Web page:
KLM                          93 minutes
easyJet                   120 minutes
SAS                         191 minutes

Read more: http://www.dailymail.co.uk/travel/article-2585112/Twitter-users-airlines-speedier-others.html#ixzz2wblb6c82
Follow us: @MailOnline on Twitter | DailyMail on Facebook

via Airlines ranked for their speed at replying to people on Twitter | Mail Online.

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New Skift Trends Report: Online Video Strategies in the Travel Industry – Skift

Skift logoOnline video is rapidly eclipsing television as the most effective channel for marketing, especially for marketers targeting younger demographics. For a largely commodified and opaque business, video marketing is more important for airlines than most travel-related businesses. As a result, airlines are among the most successful producers of video marketing in the travel business. Even the once boring in-flight safety video is asserting itself as a chance to define and differentiate the airline brand.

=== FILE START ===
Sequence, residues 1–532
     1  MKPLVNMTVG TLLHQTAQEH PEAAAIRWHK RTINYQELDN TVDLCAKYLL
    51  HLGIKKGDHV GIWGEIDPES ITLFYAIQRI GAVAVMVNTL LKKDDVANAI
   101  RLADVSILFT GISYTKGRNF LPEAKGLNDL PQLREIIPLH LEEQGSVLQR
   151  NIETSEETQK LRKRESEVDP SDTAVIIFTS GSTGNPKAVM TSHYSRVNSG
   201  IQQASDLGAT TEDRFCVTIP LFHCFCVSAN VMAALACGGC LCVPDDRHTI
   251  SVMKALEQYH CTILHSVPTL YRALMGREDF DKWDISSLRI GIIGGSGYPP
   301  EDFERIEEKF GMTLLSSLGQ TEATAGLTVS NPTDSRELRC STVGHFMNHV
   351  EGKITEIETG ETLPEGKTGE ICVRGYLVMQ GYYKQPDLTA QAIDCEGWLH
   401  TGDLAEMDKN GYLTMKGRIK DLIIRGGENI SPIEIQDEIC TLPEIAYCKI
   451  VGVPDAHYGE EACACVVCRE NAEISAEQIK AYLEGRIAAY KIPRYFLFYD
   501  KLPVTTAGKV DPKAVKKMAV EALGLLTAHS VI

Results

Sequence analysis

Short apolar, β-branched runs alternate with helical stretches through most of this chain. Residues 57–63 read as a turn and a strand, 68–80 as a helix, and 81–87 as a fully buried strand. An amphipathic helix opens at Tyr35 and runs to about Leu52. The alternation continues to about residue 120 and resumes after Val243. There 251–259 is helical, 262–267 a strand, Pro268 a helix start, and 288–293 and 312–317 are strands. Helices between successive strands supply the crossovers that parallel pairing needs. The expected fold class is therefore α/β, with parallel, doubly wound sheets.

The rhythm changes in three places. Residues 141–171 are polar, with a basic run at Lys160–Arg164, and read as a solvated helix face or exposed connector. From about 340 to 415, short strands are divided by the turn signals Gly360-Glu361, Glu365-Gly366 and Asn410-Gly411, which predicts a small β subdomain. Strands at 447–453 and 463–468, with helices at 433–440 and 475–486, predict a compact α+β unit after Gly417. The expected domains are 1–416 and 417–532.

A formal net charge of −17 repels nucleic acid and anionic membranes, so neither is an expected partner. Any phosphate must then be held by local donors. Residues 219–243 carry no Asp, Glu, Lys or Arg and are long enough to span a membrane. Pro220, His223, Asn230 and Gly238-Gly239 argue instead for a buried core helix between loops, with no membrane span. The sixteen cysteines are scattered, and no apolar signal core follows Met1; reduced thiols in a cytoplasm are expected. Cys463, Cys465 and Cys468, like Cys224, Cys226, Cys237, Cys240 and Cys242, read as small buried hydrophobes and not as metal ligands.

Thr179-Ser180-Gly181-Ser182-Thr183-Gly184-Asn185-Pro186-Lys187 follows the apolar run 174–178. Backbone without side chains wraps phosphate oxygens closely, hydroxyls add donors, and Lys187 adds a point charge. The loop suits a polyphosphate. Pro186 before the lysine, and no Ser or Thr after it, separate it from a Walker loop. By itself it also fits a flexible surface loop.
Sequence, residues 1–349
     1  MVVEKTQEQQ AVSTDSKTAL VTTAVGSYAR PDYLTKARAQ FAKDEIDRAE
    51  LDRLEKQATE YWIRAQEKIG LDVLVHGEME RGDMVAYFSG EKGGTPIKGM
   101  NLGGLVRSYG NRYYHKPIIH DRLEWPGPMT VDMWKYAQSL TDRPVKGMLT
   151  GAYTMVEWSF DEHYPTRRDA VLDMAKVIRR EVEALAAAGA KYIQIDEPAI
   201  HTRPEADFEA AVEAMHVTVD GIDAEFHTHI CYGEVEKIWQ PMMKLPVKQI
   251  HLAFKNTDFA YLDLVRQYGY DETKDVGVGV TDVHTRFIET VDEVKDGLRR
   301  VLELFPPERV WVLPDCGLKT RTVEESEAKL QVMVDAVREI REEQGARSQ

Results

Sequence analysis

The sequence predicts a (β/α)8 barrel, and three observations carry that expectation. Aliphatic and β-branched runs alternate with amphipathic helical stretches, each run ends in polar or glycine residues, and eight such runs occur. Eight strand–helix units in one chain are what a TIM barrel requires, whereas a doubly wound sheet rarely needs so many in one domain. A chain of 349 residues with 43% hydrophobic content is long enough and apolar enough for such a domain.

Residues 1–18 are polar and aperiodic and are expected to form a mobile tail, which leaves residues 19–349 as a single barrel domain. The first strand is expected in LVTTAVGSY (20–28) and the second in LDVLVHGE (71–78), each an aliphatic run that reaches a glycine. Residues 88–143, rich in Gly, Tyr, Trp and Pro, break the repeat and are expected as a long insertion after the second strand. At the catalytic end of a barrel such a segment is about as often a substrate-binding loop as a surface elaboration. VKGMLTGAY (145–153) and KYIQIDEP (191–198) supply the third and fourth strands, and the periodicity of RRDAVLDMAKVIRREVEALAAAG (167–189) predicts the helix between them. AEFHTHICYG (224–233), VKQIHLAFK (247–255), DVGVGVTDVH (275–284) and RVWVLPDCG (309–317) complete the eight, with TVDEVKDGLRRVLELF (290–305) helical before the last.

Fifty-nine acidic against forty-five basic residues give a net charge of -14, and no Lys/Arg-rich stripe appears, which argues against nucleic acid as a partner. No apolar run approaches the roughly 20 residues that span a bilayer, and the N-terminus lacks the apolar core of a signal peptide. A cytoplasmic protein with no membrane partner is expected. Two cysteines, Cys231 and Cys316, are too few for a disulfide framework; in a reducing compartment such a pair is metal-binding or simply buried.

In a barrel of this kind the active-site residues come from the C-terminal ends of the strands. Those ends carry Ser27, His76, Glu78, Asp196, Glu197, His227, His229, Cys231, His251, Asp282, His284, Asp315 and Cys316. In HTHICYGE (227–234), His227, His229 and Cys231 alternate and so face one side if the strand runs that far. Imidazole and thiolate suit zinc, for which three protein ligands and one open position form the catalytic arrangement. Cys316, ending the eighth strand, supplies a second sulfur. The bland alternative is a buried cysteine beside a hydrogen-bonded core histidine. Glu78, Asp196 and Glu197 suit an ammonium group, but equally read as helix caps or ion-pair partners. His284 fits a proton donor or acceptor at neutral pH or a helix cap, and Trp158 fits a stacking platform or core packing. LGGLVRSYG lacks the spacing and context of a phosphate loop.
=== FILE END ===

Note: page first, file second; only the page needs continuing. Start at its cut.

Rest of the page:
In this Skift Travel Trends report, we will explain the importance of online video, how it differs from other forms of marketing, the differences between various online video platforms and video’s place in the marketing toolbox. We will also explore why airlines excel in this arena.

Through interviews with professional marketers and experts and specific case studies, we will define best practices for airlines and ideas for meeting viewers’ preferences. We will also look at how marketers are employing fresh short-form video platforms such as Vine and Instagram video to generate hype, experiment, and engage with fans

via New Skift Trends Report: Online Video Strategies in the Travel Industry – Skift.

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Launching SkiftIQ: Competitive Intelligence Dashboards for Smart Travel Marketers – Skift